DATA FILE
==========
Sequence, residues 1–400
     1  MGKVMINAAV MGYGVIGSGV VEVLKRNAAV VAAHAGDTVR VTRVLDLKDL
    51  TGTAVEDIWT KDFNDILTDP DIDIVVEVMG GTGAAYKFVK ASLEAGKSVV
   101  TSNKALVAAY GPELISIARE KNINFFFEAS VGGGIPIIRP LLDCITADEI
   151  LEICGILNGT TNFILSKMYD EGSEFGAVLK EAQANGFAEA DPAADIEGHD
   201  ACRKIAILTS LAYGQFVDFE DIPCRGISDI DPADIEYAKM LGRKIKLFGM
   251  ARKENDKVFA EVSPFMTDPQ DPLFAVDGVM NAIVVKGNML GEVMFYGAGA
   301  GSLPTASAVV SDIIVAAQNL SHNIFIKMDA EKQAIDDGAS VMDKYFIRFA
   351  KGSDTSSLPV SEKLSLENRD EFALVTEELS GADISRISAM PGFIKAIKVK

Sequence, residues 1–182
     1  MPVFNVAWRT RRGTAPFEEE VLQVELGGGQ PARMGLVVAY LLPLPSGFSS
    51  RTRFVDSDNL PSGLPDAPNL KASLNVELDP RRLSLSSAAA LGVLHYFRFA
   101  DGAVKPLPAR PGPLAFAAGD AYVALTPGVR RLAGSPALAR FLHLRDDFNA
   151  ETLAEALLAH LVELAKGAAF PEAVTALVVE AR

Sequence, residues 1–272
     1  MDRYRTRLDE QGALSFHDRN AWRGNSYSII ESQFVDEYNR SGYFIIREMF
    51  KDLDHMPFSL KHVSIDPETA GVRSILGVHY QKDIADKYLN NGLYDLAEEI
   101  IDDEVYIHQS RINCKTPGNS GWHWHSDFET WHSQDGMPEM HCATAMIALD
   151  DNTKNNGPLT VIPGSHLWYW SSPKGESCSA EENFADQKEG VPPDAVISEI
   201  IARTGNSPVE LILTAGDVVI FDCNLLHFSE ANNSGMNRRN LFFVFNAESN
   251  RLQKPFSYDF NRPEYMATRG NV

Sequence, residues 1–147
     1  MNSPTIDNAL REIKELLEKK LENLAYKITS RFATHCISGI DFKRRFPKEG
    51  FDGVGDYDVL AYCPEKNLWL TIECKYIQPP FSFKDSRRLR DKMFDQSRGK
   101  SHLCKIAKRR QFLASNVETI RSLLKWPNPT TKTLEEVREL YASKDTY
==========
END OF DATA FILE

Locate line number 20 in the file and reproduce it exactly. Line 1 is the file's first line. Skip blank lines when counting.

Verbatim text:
   201  IARTGNSPVE LILTAGDVVI FDCNLLHFSE ANNSGMNRRN LFFVFNAESN